Paul J. Valle1, John G. Gjelberg2, Susanne Sperrevik1
(1) University of Bergen, Bergen, Norway
(2) Norsk Hydro ASA, Bergen
ABSTRACT: Impact of Halokinesis on Depositional Systems and Channel Architecture in The Lower Congo Basin, Offshore Angola
In the present study we investigate the interaction between varying seafloor topography and sub-marine sedimentary systems from the Oligocene sequence Lower Congo Basin offshore Angola, West Africa. The basin has been influenced by salt tectonics from the early Cretaceous (Aptian time). Since the late Cretaceous the basin acted as a deep marine sedimentary basin with mass flows as the major depositional process for coarse-grained sediments. Excellent 3D seismic data and cored exploration wells have enabled us to map the spatial distribution of the coarse-grained deposits during the Oligocene. The mapping shows that these sediments are present in stacked channel deposits.
We differentiate between two expressions of salt tectonic influence on the coarse-grained Oligocene deposits:
1. Path of mass flows: By comparing paleo-flow directions obtained from seismic attribute mapping and trends of coeval structures, our study demonstrates that changing seabed topography strongly impacted upon the direction of sediment transport through time. As a consequence the seabed topography led to shut off of coarse-grained sediment supply for major parts of the basin during specific time intervals.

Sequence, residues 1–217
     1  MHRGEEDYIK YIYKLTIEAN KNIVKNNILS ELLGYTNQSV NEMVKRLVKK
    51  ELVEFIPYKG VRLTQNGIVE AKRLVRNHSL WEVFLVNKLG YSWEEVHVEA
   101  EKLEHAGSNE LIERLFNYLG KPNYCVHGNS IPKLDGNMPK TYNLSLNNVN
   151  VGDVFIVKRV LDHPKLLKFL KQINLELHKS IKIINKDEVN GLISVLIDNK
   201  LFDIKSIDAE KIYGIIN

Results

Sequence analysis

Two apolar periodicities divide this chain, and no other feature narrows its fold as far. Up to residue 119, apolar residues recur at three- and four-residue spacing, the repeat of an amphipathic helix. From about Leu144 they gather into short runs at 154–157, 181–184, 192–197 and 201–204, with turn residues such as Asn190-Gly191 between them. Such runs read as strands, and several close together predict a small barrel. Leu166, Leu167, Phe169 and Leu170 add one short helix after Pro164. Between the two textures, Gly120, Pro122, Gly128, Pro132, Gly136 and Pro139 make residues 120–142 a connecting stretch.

2. Vertical stacking patterns of sub-marine channel systems: Seismic sections indicate highly variable stacking patterns for the channel deposits, such as 1: deposition in deeply incised channels and canyons 2: erosional and aggradational systems where channels juxtapose or erode/truncate each other and 3: systems with sheet-like geometry and non-erosive bases. Our study indicates that there is a connection between evolving salt structures and the "choice" of vertical stacking pattern.
AAPG Search and Discovery Article #90906©2001 AAPG Annual Convention, Denver, Colorado